For treatment options, medications can be prescribed by a doctor that may reduce symptoms of COVID-19, but there is no official “cure.” Symptomatic medications given by doctors include inhalers for shortness of breath and prescription cough/congestion medicines. Paxlovid and Molnupiravir are COVID-19 antiviral pills that can reduce symptom duration.

Learn more about the COVID-19 pills.

If you think you may have COVID-19 or have been exposed, our doctor can help prescribe antiviral medication or suggest instructions on symptoms to watch for and how to protect others from the virus.

Seek emergency medical care if you experience severe symptoms of the coronavirus, such as:

  • Persistent pressure or pain in the chest

  • Difficulty breathing

  • Bluish face or lips

  • Inability to stay awake

  • New confusion

  • Seizures

Before going to the hospital, call ahead and alert them that you may have COVID-19 so that they can be prepared with proper protection and procedures.

You may need to enter through a separate entrance, for example, to limit the exposure risk to others.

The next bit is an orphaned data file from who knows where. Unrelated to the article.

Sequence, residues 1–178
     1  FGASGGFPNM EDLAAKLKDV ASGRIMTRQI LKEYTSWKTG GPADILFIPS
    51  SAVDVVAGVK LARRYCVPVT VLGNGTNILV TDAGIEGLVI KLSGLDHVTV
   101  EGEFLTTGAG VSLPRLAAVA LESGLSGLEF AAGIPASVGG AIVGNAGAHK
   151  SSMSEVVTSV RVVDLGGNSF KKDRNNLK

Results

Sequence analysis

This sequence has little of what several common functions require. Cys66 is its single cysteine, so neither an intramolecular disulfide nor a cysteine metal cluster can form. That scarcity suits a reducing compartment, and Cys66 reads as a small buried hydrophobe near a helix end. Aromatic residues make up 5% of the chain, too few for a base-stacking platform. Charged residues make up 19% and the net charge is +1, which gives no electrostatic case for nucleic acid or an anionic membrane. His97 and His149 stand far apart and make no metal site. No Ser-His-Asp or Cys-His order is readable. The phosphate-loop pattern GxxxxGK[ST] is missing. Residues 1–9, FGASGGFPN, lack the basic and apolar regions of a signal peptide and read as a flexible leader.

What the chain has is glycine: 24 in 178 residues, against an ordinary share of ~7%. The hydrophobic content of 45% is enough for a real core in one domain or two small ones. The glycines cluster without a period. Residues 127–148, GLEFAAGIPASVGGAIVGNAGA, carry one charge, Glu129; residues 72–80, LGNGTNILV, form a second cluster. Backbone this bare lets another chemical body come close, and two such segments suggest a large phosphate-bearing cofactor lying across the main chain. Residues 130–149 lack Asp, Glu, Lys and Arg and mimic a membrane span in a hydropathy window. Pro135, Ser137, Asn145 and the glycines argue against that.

Can Someone Who Has Had COVID-19 Spread the Illness to Others?

Once the virus has left your system, you are no longer contagious.

Harvard Health studies have found that you are most contagious in the early stages of the disease, but you probably remain contagious for 10 days after you start to experience symptoms.

According to the CDC, if you develop symptoms of COVID-19, you should isolate yourself for at least 5 days after symptoms begin and until you have had no fever for at least 24 hours. However, it is still important to wear a mask for 10 days after symptoms begin.

The only way to be sure you’re no longer spreading COVID-19 is to have two negative tests 24 hours apart.